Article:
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Spotlight On The Word ‘Landlord’

The term ‘landlord’ severely limits our association’s scope and is not a good portrayal of the knowledge and ability of our members, writes Sue Harrison.

By: Sue Harrison

31 July 2023

NZPIF from the President’s Desk

Private investors play the highest and most valuable role in the New Zealand housing system. Around 86 per cent of rental homes are supplied by private owners and this is one of the best examples of a public/private housing system in the world.

“Landlord” has been an inexact and overused term by media and politicians to refer to what are actually property investors, most of whom are not directly “landlords” in the way the word is used.

The Residential Tenancies Act defines the term as “landlord, in relation to any residential premises that are the subject of a tenancy agreement, means the grantor of a tenancy of the premises under the agreement”.

So, as investors we have a choice of what use is made of our property and if we choose to offer tenancies. There is far more to being the owner of such homes than managing tenants, and many owners choose to use a property manager to ensure compliance with the act.

When we advocate with politicians regarding changes to the Residential Tenancies Act it is with a view to ensuring that laws made encourage good homes to be available to good tenants. When we provide networking and knowledge opportunities to members it is with a wide range of topics useful to investors.

Key Points

The term “landlord” severely limits our scope and is not a good portrayal of the knowledge and ability of our members. Here’s some of the reasons why:

  • The public view of the word landlord has gone far from the risks and reality of owning rental homes.
  • Many private owners are not acting as “landlords”; they own the properties and use a manager to take care of the tenancies.
  • As professional business owners and investors the term “landlord” is not accurate.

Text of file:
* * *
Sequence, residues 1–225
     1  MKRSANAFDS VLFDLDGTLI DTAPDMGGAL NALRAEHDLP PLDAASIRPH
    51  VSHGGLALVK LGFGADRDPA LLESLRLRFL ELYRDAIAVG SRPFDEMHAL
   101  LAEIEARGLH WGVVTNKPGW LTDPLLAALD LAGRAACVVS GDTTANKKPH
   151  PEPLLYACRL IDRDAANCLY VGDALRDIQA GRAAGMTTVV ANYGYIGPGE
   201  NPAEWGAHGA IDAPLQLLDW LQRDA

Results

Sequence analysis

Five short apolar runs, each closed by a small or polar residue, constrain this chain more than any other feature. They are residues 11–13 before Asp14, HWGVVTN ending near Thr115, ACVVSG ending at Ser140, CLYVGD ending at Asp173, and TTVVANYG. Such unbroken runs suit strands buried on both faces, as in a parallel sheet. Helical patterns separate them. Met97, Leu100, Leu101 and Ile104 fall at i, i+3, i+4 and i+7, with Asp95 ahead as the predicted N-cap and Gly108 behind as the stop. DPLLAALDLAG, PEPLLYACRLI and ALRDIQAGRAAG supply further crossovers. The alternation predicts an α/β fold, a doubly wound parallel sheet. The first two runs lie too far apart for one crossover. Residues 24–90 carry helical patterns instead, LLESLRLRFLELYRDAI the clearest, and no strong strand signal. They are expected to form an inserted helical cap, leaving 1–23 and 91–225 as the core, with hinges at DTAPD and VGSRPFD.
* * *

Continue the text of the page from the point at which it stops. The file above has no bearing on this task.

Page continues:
• The media often uses the word “landlord” to portray the villain in their story.
  • Property investor associations are member groups for a wide range of property owners, including some who self-manage their tenants, acting as “landlord” for only part of their role as owner.
  • The narrative by some politicians and the media portrays landlords vs tenants as adversaries, when they are part of the same system.

In taking the risks to purchase one or more investment properties we are taking on far more than just being a “landlord”. We are also aiming for many outcomes that help our future selves to cope with economic realities and as a self-funded superannuation scheme. It’s not speculating, and short-term gains are not the path taken by most investors.

One of the New Zealand Property Investors Federation’s key functions is to advocate with politicians and government departments for fair rules that not just benefit our tenants, but also encourage aspiring investors to offer accommodation in well managed homes.

Why not join us in our quest and benefit from our supplier discounts and information for serious property investors.

www.nzpif.org.nz or email [email protected].

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